By Henry Gitner and Rick Miller
The market for private die proprietary revenue stamps remains one of the most active U.S. markets.
One of the most intriguing designs is the one used on the Johnston, Holloway & Co. 1¢ black stamp and 2¢ green stamp (Scott RS151-RS152). The design shows an elderly man in clerical robes kneeling before a fire, which he is fanning with a bellows. An iron cauldron hangs above the fire. The man has a long white beard, and his hair appears to be tonsured, leading us to believe that he is a monk.
These stamps were used to pay the tax on bottles of Hoofland’s Bitters, “A Sovereign Remedy for Liver Complaint, Jaundice, Dyspepsia, Nervous Debility, Asthma, Disease of the Kidneys, and all Diseases arising from a Disordered Liver or Stomach.”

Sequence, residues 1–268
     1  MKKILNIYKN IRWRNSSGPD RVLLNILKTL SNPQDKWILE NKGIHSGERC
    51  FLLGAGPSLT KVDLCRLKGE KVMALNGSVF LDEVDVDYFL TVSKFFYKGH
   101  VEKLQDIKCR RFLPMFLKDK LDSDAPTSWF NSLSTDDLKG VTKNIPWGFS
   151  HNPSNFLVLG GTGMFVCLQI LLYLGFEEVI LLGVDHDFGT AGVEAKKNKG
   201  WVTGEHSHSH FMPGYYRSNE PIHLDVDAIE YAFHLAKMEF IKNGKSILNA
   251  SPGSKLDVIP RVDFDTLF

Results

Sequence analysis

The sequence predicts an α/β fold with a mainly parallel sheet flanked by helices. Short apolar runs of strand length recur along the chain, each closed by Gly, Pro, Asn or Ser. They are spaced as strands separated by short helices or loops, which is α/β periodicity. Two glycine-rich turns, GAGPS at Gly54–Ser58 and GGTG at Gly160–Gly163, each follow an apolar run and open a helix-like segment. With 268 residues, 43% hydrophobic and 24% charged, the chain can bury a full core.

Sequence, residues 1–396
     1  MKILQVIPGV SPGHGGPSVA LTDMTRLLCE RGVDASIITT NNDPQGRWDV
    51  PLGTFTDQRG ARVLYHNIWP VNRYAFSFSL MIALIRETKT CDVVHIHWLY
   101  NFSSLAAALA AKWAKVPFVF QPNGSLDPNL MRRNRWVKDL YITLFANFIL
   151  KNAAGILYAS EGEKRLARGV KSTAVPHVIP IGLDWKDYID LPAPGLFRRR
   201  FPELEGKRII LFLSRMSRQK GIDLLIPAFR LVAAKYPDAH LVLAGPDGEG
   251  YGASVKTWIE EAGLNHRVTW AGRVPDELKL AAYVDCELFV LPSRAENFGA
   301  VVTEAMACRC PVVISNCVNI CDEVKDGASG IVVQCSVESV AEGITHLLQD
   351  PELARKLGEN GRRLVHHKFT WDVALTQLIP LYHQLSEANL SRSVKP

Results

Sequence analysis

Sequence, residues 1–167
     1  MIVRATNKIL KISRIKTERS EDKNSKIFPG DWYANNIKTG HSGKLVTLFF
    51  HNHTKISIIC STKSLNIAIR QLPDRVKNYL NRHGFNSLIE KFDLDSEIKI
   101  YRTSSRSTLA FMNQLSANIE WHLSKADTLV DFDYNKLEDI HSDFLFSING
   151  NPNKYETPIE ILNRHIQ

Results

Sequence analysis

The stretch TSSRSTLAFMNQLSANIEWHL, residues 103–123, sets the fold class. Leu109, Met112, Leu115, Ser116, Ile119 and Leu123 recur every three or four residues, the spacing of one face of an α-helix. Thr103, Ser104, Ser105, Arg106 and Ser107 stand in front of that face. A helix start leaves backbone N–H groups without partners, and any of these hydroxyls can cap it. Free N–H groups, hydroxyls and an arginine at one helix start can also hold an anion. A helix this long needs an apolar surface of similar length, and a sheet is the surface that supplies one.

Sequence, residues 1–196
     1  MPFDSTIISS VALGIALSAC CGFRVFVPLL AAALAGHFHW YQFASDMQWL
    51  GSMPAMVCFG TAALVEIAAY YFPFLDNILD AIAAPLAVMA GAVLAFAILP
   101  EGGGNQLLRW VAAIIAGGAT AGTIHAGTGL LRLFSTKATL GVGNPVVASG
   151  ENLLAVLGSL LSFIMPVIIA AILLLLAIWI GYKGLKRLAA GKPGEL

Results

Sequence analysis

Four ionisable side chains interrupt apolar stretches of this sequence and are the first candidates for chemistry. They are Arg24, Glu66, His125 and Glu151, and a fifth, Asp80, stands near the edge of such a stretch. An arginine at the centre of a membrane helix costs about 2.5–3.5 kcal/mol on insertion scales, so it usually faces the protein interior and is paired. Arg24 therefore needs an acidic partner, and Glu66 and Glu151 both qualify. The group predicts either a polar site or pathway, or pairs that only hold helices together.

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The stamps, first issued about 1874, are known on silk paper (Scott R151b and R152b) and paper watermarked “USIR” (Scott R151d and R152d). The 2016 Scott Specialized Catalogue of United States Stamps and Covers values the stamps on silk paper at $4 apiece. The 1¢ stamp on watermarked paper is valued at $3, and the 2¢ on watermarked paper is valued at $3.25. Used stamps with small faults are a good buy at the Scott catalog values. Stamps with fewer or less noticeable faults bring a premium.